When he first sees it, David is captivated by the Neomorph. He is unconcerned by the corpse it has left in its wake, instead David sees a creature he has had a hand in bringing into the world and he clearly thinks he can control it. This is the first relative success he has seen, this is pre-Xenomorph but still a hybrid of human and pathogen. Maybe he really could control it if it wasn’t gunned down. David explains to Captain Oram later on that he has made something, his experiments have been a success. The Neomorph was a surprise, and a welcome one at that, but he has something far more sinister in store for the Covenant.
It is immediately clear that David set a trap and then he simply waited for humanity come and trigger it. David explains to Captain Oram that his successful creations have been dormant, waiting for something living, something human, to awaken them. The fleshy, ovoid eggs with skeletal Facehuggers have been laying in wait and Captain Oram becomes host to the very first Xenomorph… or something similar. David later explains to Walter that he does not think that humanity, their creators, are fit to continue expanding into the stars. What is his solution? A perfect organism fit to wipe entire species clean. A genocide.
The Xenomorph born from Oram is very, very different to the ones we see twenty years later in Alien. It’s almost fully formed at chestbursting stage, complete with limbs, and it is noticeably more lanky. The Alien’s lifecycle is sped up considerably and it is both skittish and aggressive. There’s no hiding in wait picking off people one-by-one, this Xenomorph is feral and a ‘fast food’ variety of Alien. It’s launching itself openly into the fray, an assault warrior which is reckless and without finesse. It’s not there to take hosts, it’s there to destroy. David has a slight influence over it which is seen just after it has burst when it mimics his movements. The flicker of rebellion quickly rears its head when the Alien breaks a camera David is using to monitor it aboard the Covenant.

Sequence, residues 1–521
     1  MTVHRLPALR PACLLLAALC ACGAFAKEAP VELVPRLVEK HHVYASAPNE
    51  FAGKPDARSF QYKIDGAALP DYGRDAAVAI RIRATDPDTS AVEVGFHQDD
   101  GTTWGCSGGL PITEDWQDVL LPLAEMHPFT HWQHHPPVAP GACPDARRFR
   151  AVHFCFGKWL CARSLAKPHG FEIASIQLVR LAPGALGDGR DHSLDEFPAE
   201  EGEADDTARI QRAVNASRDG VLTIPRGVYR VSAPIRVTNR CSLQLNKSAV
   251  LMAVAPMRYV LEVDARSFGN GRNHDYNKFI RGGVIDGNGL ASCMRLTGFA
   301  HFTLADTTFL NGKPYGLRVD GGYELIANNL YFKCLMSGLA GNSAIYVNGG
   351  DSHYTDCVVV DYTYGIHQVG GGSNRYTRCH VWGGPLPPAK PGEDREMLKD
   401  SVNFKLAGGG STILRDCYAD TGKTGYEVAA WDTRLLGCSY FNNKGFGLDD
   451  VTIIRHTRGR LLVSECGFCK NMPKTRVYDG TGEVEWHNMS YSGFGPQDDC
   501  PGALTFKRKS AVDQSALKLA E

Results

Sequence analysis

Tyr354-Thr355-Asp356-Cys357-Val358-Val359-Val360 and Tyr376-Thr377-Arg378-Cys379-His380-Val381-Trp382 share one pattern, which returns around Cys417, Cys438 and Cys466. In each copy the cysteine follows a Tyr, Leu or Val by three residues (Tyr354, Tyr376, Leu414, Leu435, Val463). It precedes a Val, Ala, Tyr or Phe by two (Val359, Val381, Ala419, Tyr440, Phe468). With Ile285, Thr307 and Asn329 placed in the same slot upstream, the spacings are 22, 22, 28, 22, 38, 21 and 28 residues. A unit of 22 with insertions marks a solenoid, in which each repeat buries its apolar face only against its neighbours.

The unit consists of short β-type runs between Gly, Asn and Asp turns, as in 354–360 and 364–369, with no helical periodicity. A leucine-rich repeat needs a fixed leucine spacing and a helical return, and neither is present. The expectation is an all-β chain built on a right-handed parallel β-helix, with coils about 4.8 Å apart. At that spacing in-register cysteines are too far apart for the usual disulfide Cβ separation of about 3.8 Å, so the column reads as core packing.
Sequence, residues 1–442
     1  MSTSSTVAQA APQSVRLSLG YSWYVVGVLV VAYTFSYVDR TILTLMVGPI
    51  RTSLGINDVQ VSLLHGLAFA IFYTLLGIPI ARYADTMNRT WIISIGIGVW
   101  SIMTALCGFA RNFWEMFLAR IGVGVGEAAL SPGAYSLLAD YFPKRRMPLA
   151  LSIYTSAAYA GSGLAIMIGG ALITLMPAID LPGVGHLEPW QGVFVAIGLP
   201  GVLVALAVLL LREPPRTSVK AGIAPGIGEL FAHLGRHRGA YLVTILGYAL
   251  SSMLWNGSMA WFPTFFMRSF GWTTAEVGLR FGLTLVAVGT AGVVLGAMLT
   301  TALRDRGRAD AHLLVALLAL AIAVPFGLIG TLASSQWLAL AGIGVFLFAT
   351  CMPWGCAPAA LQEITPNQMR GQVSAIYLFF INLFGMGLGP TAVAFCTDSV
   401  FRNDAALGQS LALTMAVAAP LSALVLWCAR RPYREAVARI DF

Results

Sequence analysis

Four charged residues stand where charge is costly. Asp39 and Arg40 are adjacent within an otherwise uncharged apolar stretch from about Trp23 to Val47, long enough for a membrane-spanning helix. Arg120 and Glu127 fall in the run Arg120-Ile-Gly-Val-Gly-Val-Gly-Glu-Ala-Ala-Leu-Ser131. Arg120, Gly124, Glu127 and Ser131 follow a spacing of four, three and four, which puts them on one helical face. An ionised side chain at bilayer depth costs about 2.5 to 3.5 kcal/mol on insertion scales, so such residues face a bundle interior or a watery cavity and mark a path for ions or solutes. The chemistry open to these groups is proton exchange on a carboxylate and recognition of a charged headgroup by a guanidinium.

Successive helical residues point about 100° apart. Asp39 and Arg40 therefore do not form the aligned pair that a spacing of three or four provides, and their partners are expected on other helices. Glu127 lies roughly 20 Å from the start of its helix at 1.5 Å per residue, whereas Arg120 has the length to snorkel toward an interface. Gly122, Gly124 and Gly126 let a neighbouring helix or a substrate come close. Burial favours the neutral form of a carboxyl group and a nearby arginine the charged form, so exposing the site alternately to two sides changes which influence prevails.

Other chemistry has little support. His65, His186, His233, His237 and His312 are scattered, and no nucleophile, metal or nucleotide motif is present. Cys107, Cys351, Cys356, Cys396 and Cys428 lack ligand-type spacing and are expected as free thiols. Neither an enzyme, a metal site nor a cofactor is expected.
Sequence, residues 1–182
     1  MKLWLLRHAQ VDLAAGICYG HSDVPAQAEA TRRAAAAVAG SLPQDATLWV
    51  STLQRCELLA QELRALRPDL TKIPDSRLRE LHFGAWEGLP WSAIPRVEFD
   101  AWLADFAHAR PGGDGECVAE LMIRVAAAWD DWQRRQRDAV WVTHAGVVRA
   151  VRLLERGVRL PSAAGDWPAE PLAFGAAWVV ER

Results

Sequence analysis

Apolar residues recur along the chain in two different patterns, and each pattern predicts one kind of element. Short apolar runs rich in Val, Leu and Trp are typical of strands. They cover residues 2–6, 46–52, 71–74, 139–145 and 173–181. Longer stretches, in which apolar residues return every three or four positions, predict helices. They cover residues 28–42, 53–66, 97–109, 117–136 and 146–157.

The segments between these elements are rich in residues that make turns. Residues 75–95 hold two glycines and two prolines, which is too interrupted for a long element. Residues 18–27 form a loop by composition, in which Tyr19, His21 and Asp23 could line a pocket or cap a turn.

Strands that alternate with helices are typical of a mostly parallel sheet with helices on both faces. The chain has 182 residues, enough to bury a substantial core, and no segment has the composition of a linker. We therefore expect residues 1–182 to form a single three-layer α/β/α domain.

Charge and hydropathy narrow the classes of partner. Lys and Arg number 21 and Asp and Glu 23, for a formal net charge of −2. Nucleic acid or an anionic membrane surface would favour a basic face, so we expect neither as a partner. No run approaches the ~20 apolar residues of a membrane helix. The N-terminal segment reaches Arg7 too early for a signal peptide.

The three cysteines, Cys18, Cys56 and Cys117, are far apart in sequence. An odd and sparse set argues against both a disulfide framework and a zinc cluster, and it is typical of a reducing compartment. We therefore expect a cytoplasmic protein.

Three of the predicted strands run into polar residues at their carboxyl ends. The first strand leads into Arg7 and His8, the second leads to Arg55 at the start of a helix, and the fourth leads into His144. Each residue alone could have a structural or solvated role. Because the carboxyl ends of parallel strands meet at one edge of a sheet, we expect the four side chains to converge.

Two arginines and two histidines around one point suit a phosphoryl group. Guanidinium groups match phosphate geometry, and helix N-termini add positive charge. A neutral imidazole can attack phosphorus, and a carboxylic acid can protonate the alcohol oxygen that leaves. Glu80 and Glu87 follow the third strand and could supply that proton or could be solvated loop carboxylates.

After it is killed, David is clearly disappointed that his ‘perfect organism’ failed to eliminate the entire crew of the Covenant, you can read it all over his face, and I think that’s because David hasn’t created the perfect organism at all, not yet. The entire recurring theme seems to be that you cannot control what you create, not indefinitely, and it is dangerous to try. The original Alien movies stress that the Xenomorph is highly volatile and, no matter how much Weyland-Yutani want it as a weapon, they will never, ever be able to control it. Its arrival on Earth would signal the end of a species: humanity.
I fully believe that the other Alien prequels will see David trying to perfect his prototype Xenomorphs until he develops them too far. He’ll do what humanity did with him and witness as his creations surpass him, however, it will be far too late to dial back what he has made. The Xenomorphs will begin to take on a life of their own, something he has been unable to predict. They’ll evolve, creating a queen, and begin advancing at their own pace, adapting to all manner of hosts and moving far beyond anything David can ever hope to keep within his grasp. Rather than specifically being engineered to eradicate humanity they’ll adapt to be in a position to wipe out entire galaxies.
At some point in the twenty years following Alien: Covenant the true Xenomorphs will somehow escape containment aboard one of the Engineer ships, the cargo bay full of eggs will be intact as the ship crashes onto a desolate moon designated LV-426. The last act of the ship’s pilot will be to send a permanent beacon warning people to stay away because the thing growing in its chest is far too dangerous to ever be unleashed upon the world. Humanity, in its ever curious way, will of course set foot on that moon and one of the greatest sci-fi horror stories will play out in deep space until the Last Survivor of the Nostromo takes on the Perfect Organism across the stars.